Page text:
Trio given 1-year extension; Penticton Indian Band and Province have concerns

Skaha Lake Park still in the news First Nations have expressed concerns about Skaha Marina and a proposed waterslide park for Skaha Lake Park.

Skaha Lake Park still in the news
First Nations have expressed concerns about Skaha Marina and a proposed waterslide park for Skaha Lake Park.

Major upgrades planned for Skaha Lake Park encountered some major obstacles on Monday.

On the same day the city was served with a lawsuit from a citizens’ group opposed to a planned water park, council cited unforeseen obstacles a s it granted Trio Marine Group a one-year extension to finalize an agreement to operate a marina and restaurant there.

According to a report by director of operations Mitch Moroziuk, the Penticton Indian Band has requested an environmental and archaeological impact study on the lands, including park space that would accommodate waterslides and a miniature golf course.

Moroziuk said a second concern is a three-way lease agreement for the marina between the city, Trio and province of B.C. Correspondence had just been received and more time was required to review and execute the lease, Moroziuk said.

“I’d certainly have liked some closure on this sooner, (but) given the circumstances that have come forward — a late lease from the province, a letter from the PIB — we have to give it some serious consideration,” Mayor Andrew Jakubeit told council, without elaborating on “clarity problems” within the deal.

PIB Chief Jonathan Kruger said he supports the expanded marina and restaurant but has concerns about the waterpark because it could go over top of a burial site.

“The place down there (Skaha Park) was part of our timber claim. A long time ago that was part of our reserve lands,” Kruger said in an interview with The Herald.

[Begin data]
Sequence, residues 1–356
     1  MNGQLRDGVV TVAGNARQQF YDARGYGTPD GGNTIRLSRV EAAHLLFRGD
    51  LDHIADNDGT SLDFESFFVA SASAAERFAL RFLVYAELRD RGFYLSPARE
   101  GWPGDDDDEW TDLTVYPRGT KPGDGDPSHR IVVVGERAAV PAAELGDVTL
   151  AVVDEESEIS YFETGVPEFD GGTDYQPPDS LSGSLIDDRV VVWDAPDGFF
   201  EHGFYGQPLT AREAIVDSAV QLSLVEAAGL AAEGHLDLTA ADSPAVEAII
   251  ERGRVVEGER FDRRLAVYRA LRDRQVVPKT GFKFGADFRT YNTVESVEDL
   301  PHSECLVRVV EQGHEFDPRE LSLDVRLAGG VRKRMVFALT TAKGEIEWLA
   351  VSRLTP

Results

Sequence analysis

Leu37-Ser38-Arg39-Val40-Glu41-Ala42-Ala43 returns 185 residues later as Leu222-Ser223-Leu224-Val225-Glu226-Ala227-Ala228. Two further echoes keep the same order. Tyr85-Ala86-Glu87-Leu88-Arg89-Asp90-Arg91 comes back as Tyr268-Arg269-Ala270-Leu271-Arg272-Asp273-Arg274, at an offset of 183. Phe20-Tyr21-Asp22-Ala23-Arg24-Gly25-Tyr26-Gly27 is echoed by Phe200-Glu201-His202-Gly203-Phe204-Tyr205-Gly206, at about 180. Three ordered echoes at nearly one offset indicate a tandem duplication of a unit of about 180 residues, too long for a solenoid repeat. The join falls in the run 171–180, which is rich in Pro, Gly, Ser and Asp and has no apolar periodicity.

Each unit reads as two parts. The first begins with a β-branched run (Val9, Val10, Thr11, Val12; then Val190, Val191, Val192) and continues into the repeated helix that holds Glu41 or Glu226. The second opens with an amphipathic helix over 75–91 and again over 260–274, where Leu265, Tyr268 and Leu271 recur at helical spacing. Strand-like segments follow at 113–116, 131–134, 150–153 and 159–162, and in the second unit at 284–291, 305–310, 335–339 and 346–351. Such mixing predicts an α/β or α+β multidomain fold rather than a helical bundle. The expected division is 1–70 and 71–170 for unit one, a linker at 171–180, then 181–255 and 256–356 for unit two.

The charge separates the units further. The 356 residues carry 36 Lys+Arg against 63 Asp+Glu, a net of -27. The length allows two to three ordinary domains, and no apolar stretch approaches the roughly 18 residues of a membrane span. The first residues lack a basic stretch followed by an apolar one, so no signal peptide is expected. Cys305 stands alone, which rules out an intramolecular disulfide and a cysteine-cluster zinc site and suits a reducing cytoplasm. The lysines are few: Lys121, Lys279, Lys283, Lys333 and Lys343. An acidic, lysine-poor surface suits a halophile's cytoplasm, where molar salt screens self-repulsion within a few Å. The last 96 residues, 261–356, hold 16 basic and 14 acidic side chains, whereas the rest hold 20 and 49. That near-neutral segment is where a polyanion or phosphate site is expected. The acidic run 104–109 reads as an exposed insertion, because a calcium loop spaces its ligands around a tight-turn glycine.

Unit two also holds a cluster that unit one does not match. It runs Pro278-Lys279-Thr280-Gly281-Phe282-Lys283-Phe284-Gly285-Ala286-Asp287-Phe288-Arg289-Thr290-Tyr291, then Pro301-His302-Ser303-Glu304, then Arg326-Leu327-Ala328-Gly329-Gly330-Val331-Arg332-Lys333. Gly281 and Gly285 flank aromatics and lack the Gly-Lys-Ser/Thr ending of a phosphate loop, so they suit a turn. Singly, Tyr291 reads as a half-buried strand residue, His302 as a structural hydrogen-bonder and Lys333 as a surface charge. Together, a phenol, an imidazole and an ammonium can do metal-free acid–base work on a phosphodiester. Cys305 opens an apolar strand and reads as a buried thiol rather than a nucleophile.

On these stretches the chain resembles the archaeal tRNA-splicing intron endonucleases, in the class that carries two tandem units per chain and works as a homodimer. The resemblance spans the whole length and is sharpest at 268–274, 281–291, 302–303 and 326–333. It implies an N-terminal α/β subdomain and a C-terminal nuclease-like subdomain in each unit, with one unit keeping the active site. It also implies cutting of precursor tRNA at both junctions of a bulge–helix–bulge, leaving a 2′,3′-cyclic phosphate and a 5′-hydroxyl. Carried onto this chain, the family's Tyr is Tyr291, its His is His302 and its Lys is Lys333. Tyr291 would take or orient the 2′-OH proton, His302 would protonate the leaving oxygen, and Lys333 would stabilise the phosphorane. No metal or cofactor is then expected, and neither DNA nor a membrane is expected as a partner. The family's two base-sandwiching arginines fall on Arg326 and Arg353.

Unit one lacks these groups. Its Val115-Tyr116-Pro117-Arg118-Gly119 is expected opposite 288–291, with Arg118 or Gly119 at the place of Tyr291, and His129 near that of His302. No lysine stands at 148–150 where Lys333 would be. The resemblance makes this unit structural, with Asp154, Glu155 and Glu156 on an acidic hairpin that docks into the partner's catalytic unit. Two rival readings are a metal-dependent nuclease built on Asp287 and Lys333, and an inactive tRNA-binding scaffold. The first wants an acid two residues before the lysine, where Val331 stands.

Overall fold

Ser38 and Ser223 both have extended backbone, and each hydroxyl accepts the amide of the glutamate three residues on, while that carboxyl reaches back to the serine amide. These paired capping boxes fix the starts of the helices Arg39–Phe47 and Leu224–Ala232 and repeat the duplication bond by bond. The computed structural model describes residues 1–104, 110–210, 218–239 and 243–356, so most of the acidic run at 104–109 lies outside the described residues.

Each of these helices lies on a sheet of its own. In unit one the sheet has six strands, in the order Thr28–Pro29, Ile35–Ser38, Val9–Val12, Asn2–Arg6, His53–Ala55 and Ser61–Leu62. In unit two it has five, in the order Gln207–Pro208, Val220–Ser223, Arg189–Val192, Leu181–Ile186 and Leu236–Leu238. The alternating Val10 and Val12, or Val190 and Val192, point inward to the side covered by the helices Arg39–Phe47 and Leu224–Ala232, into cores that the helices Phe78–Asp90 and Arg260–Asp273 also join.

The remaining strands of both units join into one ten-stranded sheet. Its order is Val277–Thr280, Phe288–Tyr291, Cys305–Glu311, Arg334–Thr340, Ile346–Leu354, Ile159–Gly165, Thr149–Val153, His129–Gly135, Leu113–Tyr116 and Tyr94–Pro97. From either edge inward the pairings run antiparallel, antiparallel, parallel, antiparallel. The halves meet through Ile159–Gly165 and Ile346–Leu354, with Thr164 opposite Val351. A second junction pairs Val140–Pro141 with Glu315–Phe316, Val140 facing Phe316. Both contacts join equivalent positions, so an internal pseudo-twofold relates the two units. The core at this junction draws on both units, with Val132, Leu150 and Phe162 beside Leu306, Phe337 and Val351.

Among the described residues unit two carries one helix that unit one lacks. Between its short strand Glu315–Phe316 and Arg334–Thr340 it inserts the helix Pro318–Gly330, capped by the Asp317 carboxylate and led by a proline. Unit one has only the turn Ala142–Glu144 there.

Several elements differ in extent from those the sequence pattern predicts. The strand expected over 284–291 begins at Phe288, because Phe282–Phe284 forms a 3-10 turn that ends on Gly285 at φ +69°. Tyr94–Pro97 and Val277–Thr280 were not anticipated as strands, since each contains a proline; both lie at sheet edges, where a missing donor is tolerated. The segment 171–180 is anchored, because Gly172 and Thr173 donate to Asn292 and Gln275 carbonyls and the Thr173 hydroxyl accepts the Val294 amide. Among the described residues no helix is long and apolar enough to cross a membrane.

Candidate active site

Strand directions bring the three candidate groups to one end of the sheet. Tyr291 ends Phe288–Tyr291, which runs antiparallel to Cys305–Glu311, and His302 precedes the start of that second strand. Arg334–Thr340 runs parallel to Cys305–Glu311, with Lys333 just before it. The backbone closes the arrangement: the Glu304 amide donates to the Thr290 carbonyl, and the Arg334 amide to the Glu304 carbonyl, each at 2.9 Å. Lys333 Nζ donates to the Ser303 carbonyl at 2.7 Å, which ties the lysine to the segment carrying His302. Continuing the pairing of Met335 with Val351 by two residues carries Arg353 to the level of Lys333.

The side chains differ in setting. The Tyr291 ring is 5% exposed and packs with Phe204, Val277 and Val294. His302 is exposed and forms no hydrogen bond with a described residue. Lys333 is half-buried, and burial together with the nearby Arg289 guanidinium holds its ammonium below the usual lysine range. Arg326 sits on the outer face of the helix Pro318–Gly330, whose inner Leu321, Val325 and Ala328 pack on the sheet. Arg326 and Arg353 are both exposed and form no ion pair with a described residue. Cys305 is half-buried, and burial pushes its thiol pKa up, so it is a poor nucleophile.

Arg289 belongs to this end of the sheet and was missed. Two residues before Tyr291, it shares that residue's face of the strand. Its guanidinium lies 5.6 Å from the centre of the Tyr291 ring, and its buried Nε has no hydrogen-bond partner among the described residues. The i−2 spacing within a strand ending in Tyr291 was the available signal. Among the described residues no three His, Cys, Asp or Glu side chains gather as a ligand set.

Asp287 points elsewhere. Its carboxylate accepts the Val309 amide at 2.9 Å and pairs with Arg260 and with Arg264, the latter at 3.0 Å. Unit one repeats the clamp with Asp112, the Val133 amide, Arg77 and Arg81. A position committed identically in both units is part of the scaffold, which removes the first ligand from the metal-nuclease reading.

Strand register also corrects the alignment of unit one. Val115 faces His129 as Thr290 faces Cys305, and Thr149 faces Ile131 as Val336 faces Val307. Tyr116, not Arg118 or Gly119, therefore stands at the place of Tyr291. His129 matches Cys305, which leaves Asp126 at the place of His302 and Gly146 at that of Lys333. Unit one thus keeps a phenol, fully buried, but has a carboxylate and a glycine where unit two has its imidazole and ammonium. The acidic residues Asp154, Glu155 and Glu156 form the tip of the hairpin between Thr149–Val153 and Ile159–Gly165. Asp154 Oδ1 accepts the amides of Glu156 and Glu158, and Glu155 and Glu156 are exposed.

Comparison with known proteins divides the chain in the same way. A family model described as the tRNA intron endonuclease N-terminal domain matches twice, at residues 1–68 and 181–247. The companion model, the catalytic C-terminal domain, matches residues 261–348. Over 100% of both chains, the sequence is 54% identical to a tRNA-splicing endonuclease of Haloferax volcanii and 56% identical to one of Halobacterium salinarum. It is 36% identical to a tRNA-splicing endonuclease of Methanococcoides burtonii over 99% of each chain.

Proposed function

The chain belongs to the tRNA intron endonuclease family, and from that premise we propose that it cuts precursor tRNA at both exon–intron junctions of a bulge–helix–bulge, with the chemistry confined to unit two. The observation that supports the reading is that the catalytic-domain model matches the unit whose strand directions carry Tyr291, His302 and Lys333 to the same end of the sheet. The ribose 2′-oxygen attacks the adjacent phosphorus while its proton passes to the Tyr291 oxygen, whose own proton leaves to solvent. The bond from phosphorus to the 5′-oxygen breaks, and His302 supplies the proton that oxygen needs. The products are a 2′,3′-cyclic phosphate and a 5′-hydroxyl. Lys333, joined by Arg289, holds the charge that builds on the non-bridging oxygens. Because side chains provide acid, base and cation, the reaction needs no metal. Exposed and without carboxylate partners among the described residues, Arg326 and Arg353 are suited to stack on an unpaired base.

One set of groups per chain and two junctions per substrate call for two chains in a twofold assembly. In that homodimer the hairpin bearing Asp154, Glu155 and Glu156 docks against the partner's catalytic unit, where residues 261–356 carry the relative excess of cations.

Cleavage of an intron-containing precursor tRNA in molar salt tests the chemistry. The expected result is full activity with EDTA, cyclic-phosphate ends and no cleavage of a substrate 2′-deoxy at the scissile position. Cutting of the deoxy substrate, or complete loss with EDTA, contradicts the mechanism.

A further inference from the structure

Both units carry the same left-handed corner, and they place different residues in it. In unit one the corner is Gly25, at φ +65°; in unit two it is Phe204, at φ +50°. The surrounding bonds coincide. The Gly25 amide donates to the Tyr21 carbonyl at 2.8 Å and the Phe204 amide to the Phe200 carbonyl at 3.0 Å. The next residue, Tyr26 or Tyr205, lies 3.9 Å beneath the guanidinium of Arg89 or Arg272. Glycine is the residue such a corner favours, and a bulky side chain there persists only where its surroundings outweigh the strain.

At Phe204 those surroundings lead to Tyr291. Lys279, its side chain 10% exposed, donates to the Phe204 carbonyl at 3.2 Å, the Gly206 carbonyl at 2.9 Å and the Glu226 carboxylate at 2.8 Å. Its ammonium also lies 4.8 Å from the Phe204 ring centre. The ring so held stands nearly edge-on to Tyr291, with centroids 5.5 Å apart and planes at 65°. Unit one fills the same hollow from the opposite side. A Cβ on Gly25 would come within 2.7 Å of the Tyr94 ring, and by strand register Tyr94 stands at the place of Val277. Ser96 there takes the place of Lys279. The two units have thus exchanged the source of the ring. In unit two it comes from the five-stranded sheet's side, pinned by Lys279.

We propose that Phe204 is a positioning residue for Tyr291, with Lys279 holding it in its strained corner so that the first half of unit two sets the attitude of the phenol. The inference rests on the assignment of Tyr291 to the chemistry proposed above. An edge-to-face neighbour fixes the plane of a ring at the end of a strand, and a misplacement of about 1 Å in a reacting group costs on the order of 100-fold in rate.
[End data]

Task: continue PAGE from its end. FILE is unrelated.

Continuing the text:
“Our Syilx people used to live there. If you look at old city maps from 1910 and 1911, it was always reserve land, right up to where Dairy Queen on Carmi Avenue is today. It used to be a swamp back then, our people lived close to the water. We actually got moved over towards the Western part (of the Valley). We definitely need to be included, it has to be a consent-based thing.”

Council was previously warned of this possibility.

At a public meeting in June, Tom Siddon, a local resident and former Indian affairs minister, suggested council conduct an environmental study and consultation with local First Nations before proceeding.

Coun. Helena Konanz said it was her understanding an environmental study had already been completed, but Moroziuk explained the initial study was for possible contaminants and the PIB is now looking for something more in-depth.

When asked who will pay for the cost of the studies, Jakubeit replied, “It’s yet to be determined, but the developer will bear much of that.”

Council eventually voted 6-1 in favour of the extension with Tarik Sayeed opposed.

Trio now has an additional year to get its paperwork in order.

Moroziuk acknowledged that a “detailed financing plan” was to be submitted by Oct. 1 and nothing had yet been received as of Sept. 28.

“The agreement is now amended and (the financing plan) would not have to come until Oct. 1, 2016,” he added.

Earlier in the day, city officials were notified of a lawsuit brought forward by the Save Skaha Park Society that outlines 10 ways in which the city allegedly ran afoul of provincial laws when it signed a lease agreement with Trio that would allow it to build water slides on what is now green space inside the park.

Jakubeit declined comment on the lawsuit Monday, stating it’s a court matter.